Heatwave: A quick (lifesaving) check list to share with your family

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“But when the thermometer starts to rise…” – you know how the old song goes, but it’s more than libido that gets going in the heat. All sorts of things go wrong. As the temperature goes up, drownings do too. Homeless people die, poor people have a tough go, and seniors, especially those who are housebound, can really suffer.  So here are some tips to get you through this. 

  • Listen to local weather forecasts and stay aware of upcoming temperature changes. Be aware of both the temperature and the heat index. The heat index is the temperature the body feels when the effects of heat and humidity are combined. You will here these expressions:

Excessive Heat Watch – Conditions are favorable for an excessive heat event to meet or exceed local Excessive Heat Warning criteria in the next 24 to 72 hours.

Heat Advisory – Heat Index values are forecasting to meet locally defined advisory criteria for 1 to 2 days (daytime highs= 100-105° Fahrenheit).

Excessive Heat Warning – Heat Index values are forecasting to meet or exceed locally defined warning criteria for at least 2 days (daytime highs= 105-110° Fahrenheit).

Survive the heatwave

  • Stay inside. If you don’t have air conditioning, make ice. Go to the lowest room in your house where it will be coolest. Then set your fan to blow across a bowl of ice and sit in close. Close all windows and doors when it’s very hot outside and close the drapes when the sun in shining. Wear loose fitting clothes and apply cold, wet facecloths to the forehead and the back of your neck where the most blood passes near the surface. This will cool you down. Eat plain ice as it cools your core, but not ice cream or popsicles as the sugar in them will burn calories and increase your inner warmth. Drink lots of water. Open the doors and windows only if the temperature drops outside and you can create a cool draught that flows through the house.
  • Check the contents of your emergency disaster kit in case a power outage occurs. See here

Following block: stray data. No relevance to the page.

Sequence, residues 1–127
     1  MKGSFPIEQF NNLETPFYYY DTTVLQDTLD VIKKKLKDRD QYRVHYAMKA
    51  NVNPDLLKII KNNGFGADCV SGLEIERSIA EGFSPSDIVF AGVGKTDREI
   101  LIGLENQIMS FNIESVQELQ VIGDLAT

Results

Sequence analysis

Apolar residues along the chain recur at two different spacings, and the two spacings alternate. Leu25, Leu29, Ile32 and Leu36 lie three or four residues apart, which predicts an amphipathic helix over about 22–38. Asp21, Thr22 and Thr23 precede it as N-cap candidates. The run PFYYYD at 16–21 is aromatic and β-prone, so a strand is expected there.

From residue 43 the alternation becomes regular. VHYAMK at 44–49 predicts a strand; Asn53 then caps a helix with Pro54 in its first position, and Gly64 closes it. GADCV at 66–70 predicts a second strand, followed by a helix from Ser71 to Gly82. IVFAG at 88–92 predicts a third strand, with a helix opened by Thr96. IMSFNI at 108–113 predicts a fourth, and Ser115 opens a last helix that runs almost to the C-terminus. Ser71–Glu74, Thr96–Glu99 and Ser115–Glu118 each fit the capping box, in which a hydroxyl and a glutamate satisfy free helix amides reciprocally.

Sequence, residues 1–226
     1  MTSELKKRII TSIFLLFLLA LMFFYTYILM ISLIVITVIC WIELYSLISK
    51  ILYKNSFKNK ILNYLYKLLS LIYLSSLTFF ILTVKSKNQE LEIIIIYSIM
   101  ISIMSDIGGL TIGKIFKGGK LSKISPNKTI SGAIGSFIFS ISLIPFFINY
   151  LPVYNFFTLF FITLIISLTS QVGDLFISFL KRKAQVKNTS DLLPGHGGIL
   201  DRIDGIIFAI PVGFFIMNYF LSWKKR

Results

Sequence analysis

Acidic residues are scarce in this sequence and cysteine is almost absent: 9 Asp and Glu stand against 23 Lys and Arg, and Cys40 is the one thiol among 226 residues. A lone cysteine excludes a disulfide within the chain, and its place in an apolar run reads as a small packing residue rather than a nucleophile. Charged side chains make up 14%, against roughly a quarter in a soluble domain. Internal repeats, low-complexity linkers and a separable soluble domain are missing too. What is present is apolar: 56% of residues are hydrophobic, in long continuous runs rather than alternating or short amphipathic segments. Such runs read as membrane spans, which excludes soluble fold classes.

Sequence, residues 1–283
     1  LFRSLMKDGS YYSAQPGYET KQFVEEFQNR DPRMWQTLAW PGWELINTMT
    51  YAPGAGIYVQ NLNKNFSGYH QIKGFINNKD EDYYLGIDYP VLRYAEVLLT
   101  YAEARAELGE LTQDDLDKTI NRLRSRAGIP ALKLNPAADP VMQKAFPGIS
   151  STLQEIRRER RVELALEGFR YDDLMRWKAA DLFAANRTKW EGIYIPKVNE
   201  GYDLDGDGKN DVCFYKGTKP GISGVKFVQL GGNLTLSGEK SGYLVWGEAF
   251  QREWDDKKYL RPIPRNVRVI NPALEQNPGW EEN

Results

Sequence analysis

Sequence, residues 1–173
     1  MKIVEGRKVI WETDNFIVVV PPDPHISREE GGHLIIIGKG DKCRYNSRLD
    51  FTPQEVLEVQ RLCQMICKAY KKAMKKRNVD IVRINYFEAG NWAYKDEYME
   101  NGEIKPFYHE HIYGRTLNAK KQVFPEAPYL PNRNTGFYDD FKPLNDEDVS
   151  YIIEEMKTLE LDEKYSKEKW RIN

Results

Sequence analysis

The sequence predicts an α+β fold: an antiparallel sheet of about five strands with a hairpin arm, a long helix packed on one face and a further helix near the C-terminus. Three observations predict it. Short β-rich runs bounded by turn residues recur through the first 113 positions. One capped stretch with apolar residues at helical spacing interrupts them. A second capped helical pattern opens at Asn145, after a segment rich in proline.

• Know those in your neighborhood who are elderly, young, sick or overweight. They are more likely to become victims of excessive heat and may need help.
  • If you do not have air conditioning, choose places you could go to for relief from the heat during the warmest part of the day (schools, libraries, theaters, malls, cooling centers). Most modern cars have air conditioning so if the worst comes to the worst you can sit in your car for a while. Just don’t do it in a closed garage as the carbon monoxide will silently kill you.
  • Be aware that people living in urban areas may be at greater risk from the effects of a prolonged heat wave than are people living in rural areas. Many inner cities rarely experience intense heat and don’t deal well with it. Darkness and the slight cooling brings people out onto the streets. The outcome is not always harmonious.
  • Ensure that your animals’ needs for water and shade are met. Don’t let them sit outside for long periods.
  • Going to a pool, swimming in the lake or river? Make sure you have someone whose job it is to play “lifeguard” and stand and watch the swimmers. You can take it in turns but make sure the watchers are sober. Drownings significantly increase in hot weather.
  • Have to go out? Take it easy. Don’t exercise vigorously. Wear sunscreen, loose clothes, a hat, sunglasses. Have water and a cellphone with you. Recognize the signs of heatstroke: extremely high body temperature, red skin which may be dry or moist; changes in consciousness; rapid, weak pulse; rapid, shallow breathing; confusion; vomiting; and seizures. And remember heat cramps and heat exhaustion are precursors to heat stroke. Take heat very seriously, the Red Cross does.